Annenberg isn’t shy about her resourcefulness – or her craft. “I can generally see a con or something shoddy coming at me within five seconds on the telephone,” she said with total assurance. Annenberg doesn’t seem the type to suffer fools. “I loathe secrets,” she said, “and if I know anybody who is carrying on in the office and forming cliques or secrets or anything of that nature, they’re not gonna be around very long.”
Her tough talk, however, belies her efforts towards democratic leadership. Unlike her father, whom she colorfully described as “a one man operator” – “You either agreed with him or left,” she said -- Wallis claims a more inclusive style. She noticed in the non-profit field a “disconnect” between board members, board chairs and paid executives, and so created an initiative called Alchemy, which trains nonprofit leaders to work together more efficiently. To date, 1,700 non-profits have been through the training program, she said, and Alchemy’s leadership seminar tends to sell out each year.
Even so, she admitted that working by committee on the performing arts center was a real challenge. “For me, it was kinda hard – I’ll be very honest with you. I do sort of like being the boss,” she quipped. Fortunately for Annenberg, who quite literally puts her money where her mouth is, she got her way when others wouldn’t. “The minute the money was involved, everybody whewww - they all scattered,” she said, adding wryly, “and they stopped giving so much advice.”
For a woman with billions to spend on charity and another reported $200 million in her private accounts, Annenberg appears surprisingly grounded about her wealth and power. “You can’t solve any problem by writing a big check,” she declared. “There are just not enough zeroes.” In jest, she offered an illustrative anecdote: “We have a big problem with Aids in Africa! Here Bill… [Clinton]. It doesn’t work that way.”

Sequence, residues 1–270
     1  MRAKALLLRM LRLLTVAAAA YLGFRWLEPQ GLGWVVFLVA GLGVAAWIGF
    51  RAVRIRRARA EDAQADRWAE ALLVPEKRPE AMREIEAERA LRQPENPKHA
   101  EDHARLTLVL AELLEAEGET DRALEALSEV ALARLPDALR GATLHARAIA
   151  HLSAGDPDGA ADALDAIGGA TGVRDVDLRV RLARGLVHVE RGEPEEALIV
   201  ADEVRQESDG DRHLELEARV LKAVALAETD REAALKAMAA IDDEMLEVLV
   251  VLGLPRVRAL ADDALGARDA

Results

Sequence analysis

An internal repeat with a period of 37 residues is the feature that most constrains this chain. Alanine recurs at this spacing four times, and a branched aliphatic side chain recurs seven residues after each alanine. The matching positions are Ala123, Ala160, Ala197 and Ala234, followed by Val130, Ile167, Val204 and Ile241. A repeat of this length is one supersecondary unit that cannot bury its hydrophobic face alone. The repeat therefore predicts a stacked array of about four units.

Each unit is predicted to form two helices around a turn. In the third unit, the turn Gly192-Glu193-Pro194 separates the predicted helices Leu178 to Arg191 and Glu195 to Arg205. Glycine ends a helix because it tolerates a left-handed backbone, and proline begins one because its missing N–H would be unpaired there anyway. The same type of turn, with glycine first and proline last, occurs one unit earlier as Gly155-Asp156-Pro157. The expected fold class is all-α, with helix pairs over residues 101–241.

Of all her public projects, she singled out the Wilson Park Annenberg Tree House in Torrance, a 2,500 square-foot, handicap-accessible tree house that offers panoramic city views. “This didn’t cost a lot of money,” she said, pointing out that the most elaborate projects aren’t necessarily the most rewarding. “If you could see those [handicapped] young people and older people going up in this tree house, and the joy they get when they are parallel with the leaves and the trees and they can see the ocean, it’s very moving.”
Bay’s toughest question came at the end: What does Annenberg expect in return for all her public investments?
“Well, accountability is very important,” Annenberg said, careful not to betray the business-savvy inside. But, at the end of the day, she said, seeing people enjoy her contributions makes her most happy. “When I used to feel depressed -- I was living in Malibu at the time -- it was kinda lonely. I would just simply go down the road and see the Annenberg Community Beach club, and you know, look over the fence, and you see mothers and fathers with their offspring enjoying this space.
“That’s the reward. That’s my jewelry. You can’t get that in a Neiman Marcus catalog.”
Now in her 70s, Annenberg is happy to bask in a child-like petulance, full of wit and one-liners and the kind of banter that comes from accumulated wisdom she is more than confident to share. It was purpose-driven philanthropy that saved her.
“I was as crazy as a bat,” she said of her younger self. “I think life is a process, and it takes a long time to really get to the place, at least for me, where I like myself and I don’t have to hurt myself -- because that is something I engaged in when I was younger…
“So I think today, what’s happened is my insides match my outsides. And I like myself. And that’s it.